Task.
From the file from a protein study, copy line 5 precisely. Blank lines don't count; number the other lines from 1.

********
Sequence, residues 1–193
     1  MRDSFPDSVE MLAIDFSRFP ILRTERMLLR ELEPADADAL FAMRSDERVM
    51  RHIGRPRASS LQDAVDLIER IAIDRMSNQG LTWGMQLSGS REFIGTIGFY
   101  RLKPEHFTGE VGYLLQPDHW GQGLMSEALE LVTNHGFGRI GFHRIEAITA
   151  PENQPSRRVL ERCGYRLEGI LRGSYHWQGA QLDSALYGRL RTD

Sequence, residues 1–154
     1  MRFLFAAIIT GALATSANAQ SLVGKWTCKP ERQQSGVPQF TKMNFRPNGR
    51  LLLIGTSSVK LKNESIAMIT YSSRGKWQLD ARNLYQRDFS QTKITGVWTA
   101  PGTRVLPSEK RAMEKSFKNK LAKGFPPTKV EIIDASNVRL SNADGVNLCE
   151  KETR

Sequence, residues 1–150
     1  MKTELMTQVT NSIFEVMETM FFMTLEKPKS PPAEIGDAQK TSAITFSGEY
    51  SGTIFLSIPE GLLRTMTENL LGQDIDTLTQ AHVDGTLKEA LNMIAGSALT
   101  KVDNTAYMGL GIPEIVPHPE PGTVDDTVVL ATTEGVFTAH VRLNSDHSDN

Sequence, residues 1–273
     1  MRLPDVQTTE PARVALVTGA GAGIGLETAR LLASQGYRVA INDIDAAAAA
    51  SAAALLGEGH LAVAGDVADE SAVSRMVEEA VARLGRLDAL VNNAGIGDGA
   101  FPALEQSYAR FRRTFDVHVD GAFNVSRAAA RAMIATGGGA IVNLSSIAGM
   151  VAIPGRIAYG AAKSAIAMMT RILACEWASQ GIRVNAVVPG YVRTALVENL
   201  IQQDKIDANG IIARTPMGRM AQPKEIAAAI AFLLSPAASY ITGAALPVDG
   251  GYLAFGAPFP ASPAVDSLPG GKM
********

   151  PENQPSRRVL ERCGYRLEGI LRGSYHWQGA QLDSALYGRL RTD